When we stand before God’s Judgement seat, we will have left our wardrobe behind - but our memory will still be intact! Hold on! We’re not there yet!
First, is there a better way of getting ready for the great event, a way which has so far escaped us? Yes, there is. Come with me and discover a secret:
Grow old along with me!
The best is yet to be,
The last of life, for which the first was made:
Our times are in His hand
Who saith "A whole I planned,
Youth shows but half; trust God: see all, nor be afraid!"
The Bible asks us to get ready by committing God’s words to memory:
KJV Proverbs 7:1 My son, keep my words, and lay up my commandments with thee.
2 Keep my commandments, and live; and my law as the apple of thine eye.
3 Bind them upon thy fingers, write them upon the table of thine heart.
Here Solomon tells us Wisdom invites us to do memory work. Likewise the Psalmist says we should esteem God’s word hidden in the heart, as buried treasure:
KJV Psa 19:10 More to be desired are [the judgements of the LORD] than gold, yea, than much fine gold: sweeter also than honey and the honeycomb. 11 Moreover by them is thy servant warned: and in keeping of them there is great reward. 12 Who can understand his errors? Cleanse thou me from secret faults.
So, when do we get too old to do memory work? Should the over 55’s lament their lot with a sigh and a wish: “Yes, well, if I were twenty years younger I might rise to the challenge!”
Have I got news for you!! There’s no ceiling to God’s memory bank! For example, Samuel T. Spear, D.D. a 19th century American writer, tells how he began to systematically memorise the Bible at 74 years old. In a short time he was able to repeat from memory a substantial part of the entire New Testament. He said:
“I am not now sorry that about five years ago I resolved to do what during these years I had been seeking to do. My only regret is that the resolution was formed at so late a period. Had its date been much earlier, as it might have been, and as I now think it should have been, the benefit to me, as I have no doubt, would have been correspondingly greater. What I have gained in the way of mental relief and spiritual comfort from the process described I would not exchange for all the honour and wealth of this world.”
Well, you say, that’s all very well for special people with doctoral degrees, but lesser mortals like me can’t rise to such dizzy heights! Yes, you can!
Did you know the latest medical research tends to show that throughout our lives we grow new neurons in our brain by focused mental exercise. It’s called the science of Neurogenesis. Says Mike Logan
“Our brain is not physically fixed, it is constantly changing, losing some neurons, growing some neurons, making or deleting connections, and we can encourage that growth . . . . Thoughts are things. They are electrical and chemical activities that by their very existence are changing the physical structure of your brain. Although you can’t stop it (and you wouldn’t want to), you can have some control over it. The question then becomes, are you changing your brain for better or for worse?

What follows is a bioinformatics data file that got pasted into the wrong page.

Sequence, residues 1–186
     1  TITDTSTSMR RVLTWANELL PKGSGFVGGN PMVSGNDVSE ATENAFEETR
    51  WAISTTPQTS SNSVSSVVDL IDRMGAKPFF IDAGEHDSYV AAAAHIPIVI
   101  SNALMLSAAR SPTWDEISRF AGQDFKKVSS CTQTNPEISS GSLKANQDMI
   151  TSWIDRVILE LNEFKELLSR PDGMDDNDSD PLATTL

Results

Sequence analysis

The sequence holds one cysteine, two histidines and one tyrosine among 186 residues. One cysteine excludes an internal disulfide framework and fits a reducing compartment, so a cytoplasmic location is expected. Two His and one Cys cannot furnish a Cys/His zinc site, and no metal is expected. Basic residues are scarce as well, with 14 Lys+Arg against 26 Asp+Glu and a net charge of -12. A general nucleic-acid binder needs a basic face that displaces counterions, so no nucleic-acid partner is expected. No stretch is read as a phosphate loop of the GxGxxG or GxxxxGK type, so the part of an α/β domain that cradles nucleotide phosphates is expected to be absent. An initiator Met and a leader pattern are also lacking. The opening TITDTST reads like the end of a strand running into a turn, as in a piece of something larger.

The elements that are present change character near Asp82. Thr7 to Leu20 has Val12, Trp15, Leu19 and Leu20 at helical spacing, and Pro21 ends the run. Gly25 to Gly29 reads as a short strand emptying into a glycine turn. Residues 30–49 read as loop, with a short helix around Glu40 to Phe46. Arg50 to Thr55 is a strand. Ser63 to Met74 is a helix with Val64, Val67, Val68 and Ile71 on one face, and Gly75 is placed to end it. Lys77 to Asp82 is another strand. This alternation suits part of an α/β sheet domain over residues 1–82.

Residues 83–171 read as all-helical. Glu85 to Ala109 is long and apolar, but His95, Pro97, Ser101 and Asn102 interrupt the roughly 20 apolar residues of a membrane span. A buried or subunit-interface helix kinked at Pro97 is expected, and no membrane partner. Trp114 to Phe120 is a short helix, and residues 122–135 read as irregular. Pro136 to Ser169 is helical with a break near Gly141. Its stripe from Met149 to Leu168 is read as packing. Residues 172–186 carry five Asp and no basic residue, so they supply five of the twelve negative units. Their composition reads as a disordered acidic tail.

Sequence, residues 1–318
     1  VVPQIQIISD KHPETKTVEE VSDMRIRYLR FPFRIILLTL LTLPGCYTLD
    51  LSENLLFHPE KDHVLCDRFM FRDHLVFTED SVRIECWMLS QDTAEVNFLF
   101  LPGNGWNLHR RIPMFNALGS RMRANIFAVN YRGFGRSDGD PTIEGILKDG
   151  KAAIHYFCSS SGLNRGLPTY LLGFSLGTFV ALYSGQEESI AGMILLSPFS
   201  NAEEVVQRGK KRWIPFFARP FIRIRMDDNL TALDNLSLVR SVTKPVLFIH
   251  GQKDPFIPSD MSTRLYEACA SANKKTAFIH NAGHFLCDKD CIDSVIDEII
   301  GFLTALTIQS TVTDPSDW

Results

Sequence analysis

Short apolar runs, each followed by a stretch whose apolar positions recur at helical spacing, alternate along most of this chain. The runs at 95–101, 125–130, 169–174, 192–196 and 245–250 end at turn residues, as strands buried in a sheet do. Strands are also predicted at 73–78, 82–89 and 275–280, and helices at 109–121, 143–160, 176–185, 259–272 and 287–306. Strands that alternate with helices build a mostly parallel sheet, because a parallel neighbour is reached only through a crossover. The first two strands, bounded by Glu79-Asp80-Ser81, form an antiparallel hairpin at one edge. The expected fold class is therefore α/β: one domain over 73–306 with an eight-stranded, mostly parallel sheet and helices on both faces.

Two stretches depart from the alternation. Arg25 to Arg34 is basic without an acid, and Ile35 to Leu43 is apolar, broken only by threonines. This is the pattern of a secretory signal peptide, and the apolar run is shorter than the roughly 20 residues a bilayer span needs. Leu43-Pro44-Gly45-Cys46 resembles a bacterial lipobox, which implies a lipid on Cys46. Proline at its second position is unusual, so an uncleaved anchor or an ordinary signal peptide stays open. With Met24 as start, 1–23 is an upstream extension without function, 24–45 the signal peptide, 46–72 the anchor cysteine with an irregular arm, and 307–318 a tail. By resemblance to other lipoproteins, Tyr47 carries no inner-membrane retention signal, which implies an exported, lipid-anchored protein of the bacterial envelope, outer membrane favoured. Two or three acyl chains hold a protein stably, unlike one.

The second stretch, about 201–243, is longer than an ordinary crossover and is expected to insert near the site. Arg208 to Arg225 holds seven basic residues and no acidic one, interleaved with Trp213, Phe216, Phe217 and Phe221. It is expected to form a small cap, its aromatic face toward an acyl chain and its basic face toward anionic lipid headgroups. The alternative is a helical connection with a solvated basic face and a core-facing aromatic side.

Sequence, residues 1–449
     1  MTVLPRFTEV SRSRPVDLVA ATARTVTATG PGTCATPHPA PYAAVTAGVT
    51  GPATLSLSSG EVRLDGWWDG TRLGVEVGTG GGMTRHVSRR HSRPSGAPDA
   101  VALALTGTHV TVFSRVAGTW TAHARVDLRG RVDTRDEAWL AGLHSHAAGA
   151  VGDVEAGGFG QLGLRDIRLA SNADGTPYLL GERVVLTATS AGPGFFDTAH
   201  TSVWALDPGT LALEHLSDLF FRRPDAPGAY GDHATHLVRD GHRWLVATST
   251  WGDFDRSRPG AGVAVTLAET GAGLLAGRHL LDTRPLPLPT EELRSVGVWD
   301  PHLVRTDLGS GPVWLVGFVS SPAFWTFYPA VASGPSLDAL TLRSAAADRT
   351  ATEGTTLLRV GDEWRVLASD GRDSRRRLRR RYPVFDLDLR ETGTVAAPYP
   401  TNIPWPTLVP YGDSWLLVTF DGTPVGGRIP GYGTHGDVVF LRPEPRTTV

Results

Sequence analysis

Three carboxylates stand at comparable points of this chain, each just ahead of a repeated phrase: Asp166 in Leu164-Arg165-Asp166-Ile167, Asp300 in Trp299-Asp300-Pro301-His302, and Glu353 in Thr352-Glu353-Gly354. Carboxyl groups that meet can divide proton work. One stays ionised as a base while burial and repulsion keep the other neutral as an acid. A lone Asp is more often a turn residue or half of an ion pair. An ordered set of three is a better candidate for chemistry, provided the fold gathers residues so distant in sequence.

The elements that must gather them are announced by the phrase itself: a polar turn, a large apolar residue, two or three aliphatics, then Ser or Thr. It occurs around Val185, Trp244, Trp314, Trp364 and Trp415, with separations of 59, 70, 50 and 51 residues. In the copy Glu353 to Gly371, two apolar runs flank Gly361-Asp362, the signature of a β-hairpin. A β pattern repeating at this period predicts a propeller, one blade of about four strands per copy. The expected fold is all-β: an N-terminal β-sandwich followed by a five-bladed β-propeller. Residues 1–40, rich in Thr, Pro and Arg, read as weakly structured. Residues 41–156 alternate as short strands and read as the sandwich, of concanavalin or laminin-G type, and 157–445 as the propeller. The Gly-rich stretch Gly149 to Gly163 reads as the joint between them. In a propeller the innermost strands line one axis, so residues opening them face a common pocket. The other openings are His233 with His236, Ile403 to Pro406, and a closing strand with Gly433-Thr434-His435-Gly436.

According to James Adams a study published in a journal Science, researchers Elizabeth Gould and Charles Gross of Princeton's Department of Psychology showed that new neurons are continually being added to the cerebral cortex of adult monkeys. The cerebral cortex is the largest and most complex region of the brain and is the seat of high-level decision-making, thinking, and personality. Monkeys and humans are reputed to have fundamentally similar brains, so the research is likely to translate to humans. For more details, click here
In a recently published book ("Can’t Remember What I Forgot"”) Dr. Sue Halpern of Columbia University, reports on experiments done on mice. View the video which reports the research. The experiments tend to show we have potential to grow neurons and thus improve mental activity. She quotes research which asserts that growing older simply means we produce less brain cells, and less quickly.
With some basic memory training, you could in fact memorise the entire New Testament with comparitive ease. There is no such thing as a “bad memory,” only an untrained one!
One key advantage of memorising from the KJV, is that it was written for the illiterate as well as the learned, and in such a way as to impinge itself on the memory. Alliteration (repeated letters and syllables), balanced phrasing, and deliberate metric rhythm . . . all these tend to attach themselves to the memory as soon as they are heard.
Take one simple example at random, to illustrate how the structure of the Bible lends itself to being remembered:
KJV Psalm 95
1 O come, let us sing . ,
. . . let us make a joyful noise . .
2 Let us come before his presence . . .
3 For the LORD is a great God . .
6 O come, let us worship . .
. . . let us kneel before the LORD our maker.
7 For he is our God . . . .
Said the Psalmist,
Psa 119: 9 Wherewithal shall a young man cleanse his way? by taking heed thereto according to thy word. 10 With my whole heart have I sought thee: O let me not wander from thy commandments. 11 Thy word have I hid in mine heart, that I might not sin against thee.
Are we hiding God’s Words in our hearts? What stops us doing some serious memory work on the Bible?
As we grow old together, unlike poor John Lennon, we have time to sing his song and smell the flowers!